117: Coralie Landsdowne Says No

16 Jul

This 1974 play by Alexander Buzo is interesting on a whole lot of levels. You can read it and think about attitudes and convention in Australia in the 70s, you can relate it to attitudes now, and you can look at it as an exploration of strong women and the tall poppy syndrome.

book over face

Coralie Landsdowne is 29. Now, that wouldn’t be seen as an issue but in 1974 she was considered to be teetering on spinsterhood.

CORALIE: I’m twenty-nine. In a few months my youth will be at an end. […] Thirty is death. I want to spend my thirtieth birthday in Bali on a beach surrounded by black candles.

Add to this that she’s tall, big-boned (a euphemism that I love) and has a tongue that can shred a person’s self-esteem in seconds and you have a woman who is in a whole lot of trouble. Because she’s whip smart and strong, Coralie attracts people to her. Some of them want to tame her, some want to own her and some seem to enjoy cowering at her feet.

In Buzo’s play, Coralie has been left to look after a wealthy paramour’s beach house while he’s overseas. Her plain sister Jill is staying with her and there are also several house guests. There’s Peter, a wealthy neighbour with an eye patch, Paul (who was Coralie’s great love some years before) and his wife Anne, and there’s poet and public servant Stuart. Peter is intrigued by Coralie, Paul is still a bit in love with her and Stuart is determined to marry her.

There are some lines that have dated so badly I’m not sure how an actor could possibly say them now as written. For instance when Coralie jokes that her sister has high hopes of being raped. Nope – not funny now, or ever. The many references to Coralie’s “big tits” are also just plain clunky as is this comment of Paul’s:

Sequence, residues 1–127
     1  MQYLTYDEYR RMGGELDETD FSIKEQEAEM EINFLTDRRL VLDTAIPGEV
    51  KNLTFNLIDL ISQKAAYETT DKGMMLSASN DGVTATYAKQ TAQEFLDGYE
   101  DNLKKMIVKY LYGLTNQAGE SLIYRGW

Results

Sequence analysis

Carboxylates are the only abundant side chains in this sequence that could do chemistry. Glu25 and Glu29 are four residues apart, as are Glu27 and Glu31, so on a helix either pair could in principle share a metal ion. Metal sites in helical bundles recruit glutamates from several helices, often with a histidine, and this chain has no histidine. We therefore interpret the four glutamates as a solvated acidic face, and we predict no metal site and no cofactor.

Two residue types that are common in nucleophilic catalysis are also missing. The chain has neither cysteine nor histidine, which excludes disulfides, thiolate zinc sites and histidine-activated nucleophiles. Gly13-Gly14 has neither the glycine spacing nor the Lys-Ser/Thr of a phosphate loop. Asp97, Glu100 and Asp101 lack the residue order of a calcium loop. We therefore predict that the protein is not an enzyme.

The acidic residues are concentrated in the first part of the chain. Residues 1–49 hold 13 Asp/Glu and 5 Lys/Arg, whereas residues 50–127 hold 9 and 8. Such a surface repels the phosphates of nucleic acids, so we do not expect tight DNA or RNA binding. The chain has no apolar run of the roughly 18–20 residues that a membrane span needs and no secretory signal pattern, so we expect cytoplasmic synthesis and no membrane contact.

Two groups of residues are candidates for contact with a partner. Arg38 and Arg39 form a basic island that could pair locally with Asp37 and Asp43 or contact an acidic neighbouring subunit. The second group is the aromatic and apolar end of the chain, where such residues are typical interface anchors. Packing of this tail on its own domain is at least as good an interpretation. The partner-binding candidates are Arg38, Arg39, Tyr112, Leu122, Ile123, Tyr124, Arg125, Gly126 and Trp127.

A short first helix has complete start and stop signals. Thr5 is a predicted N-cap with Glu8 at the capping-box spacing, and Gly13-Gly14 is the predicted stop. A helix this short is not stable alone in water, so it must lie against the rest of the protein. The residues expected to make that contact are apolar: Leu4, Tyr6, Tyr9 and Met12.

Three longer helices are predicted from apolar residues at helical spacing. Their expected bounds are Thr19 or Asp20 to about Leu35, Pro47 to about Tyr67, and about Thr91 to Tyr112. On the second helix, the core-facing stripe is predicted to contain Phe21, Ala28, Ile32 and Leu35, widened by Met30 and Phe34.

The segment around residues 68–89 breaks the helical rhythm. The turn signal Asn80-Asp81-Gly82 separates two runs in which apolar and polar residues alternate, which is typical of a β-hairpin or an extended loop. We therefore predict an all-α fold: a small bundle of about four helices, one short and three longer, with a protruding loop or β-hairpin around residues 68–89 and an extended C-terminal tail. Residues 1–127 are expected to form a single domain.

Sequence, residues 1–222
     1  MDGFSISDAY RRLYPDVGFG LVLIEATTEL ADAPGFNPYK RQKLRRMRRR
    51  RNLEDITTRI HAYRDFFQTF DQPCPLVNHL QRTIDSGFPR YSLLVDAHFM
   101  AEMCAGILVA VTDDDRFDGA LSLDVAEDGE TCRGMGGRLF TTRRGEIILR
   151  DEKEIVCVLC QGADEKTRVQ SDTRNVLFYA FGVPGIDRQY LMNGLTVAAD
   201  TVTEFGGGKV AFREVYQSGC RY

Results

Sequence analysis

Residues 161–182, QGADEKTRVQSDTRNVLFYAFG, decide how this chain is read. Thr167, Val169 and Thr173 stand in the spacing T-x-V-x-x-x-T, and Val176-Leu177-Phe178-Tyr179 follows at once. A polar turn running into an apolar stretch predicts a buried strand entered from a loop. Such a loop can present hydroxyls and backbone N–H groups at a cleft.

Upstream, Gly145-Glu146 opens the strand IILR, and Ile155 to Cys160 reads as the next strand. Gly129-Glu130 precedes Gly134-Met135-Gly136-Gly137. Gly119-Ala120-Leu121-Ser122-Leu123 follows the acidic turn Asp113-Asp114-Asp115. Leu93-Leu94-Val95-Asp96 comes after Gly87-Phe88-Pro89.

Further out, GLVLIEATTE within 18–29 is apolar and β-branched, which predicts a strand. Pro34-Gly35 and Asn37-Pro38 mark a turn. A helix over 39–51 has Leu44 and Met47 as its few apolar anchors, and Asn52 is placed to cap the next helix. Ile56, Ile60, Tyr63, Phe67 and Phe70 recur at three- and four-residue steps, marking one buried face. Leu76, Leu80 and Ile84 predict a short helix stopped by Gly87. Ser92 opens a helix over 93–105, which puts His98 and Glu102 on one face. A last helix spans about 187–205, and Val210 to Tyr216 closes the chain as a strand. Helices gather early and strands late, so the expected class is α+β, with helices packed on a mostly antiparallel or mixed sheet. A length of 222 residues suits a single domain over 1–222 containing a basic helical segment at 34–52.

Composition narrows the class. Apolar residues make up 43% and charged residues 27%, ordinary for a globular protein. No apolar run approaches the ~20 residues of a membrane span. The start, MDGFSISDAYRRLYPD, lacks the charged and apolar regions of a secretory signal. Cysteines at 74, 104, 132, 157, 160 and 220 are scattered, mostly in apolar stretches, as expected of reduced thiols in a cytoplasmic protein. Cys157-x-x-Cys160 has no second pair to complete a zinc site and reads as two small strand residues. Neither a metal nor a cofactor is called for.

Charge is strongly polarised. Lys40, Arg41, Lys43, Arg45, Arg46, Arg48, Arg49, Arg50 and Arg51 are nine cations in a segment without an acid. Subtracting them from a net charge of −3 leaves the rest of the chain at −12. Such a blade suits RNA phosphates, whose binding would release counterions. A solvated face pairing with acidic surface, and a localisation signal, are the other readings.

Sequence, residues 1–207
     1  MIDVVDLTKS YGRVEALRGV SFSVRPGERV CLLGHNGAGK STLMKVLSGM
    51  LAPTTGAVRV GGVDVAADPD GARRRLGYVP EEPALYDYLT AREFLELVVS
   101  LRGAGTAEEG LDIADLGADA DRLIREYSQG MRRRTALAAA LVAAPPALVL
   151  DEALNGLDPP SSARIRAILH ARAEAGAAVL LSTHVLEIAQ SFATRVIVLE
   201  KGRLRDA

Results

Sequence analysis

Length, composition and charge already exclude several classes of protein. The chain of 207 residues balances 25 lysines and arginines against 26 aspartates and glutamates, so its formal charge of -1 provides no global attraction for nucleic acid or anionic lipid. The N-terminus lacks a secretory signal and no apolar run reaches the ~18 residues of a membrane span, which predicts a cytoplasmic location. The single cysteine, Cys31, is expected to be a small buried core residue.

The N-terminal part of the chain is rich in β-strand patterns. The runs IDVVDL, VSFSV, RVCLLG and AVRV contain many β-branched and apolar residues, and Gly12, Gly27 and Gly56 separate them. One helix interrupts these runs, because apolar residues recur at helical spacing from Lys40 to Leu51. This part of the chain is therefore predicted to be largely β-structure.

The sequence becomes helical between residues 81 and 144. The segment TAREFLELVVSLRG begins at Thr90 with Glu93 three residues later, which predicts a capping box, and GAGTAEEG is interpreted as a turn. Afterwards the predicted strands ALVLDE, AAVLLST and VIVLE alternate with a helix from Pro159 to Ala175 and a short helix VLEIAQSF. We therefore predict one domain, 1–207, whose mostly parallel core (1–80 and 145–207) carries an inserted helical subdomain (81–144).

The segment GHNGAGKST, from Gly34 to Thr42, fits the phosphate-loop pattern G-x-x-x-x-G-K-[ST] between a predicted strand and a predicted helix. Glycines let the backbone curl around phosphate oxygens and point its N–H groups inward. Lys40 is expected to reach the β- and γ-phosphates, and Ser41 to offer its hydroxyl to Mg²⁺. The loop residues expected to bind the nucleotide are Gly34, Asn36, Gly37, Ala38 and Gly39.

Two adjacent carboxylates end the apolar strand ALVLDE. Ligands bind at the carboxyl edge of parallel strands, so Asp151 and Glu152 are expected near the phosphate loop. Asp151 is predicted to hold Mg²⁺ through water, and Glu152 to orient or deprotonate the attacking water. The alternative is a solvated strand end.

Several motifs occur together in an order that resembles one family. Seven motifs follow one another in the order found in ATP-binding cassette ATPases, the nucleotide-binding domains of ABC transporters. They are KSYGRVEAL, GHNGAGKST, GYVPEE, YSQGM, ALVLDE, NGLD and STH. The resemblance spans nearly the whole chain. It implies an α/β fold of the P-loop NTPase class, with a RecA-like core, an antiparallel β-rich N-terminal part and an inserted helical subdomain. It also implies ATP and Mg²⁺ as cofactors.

PAUL: I still don’t know if what she needs most is a lot of loving or a well-aimed live telegraph pole in the region of her crutch.

Coralie ends up choosing (or settling for) Stuart: the short, dogged, uninspired public servant who has tracked her down and worn her down. It could be a happy ending: beautiful princess falls for valiant and persevering peasant, or it could be a tragedy: strong woman is whittled down by yobs and gives up all her dreams. She does try to say ‘no’ but at some point she runs out of breath (literally).

STUART: I’m asking you to marry me. What do you say?

CORALIE: No! No! I say no to the worm. I tell the worm to piss off out of it. No! Oh, I want to, I want to hit you!

STUART: Just as I thought.

CORALIE: No! Do you understand that, you treacherous little pipsqueak. You worm. I say no! (Rushing to a window and yelling out) I say no! No! I spurn the worm! I want out! I tell the worm to piss off!

But Stuart cuts her down a few lines later:

STUART: You’re just a twenty-nine year old unemployed teacher with big tits. You’re also fatter around the hips and arse than you were a few months ago.

Perhaps Coralie does end up happy, but her choking fit and collapse make it seem as if some elemental part of her has died in ‘settling’ for mediocrity.

Publisher: Currency Press and Methuen Plays

Cast: 4M, 3F

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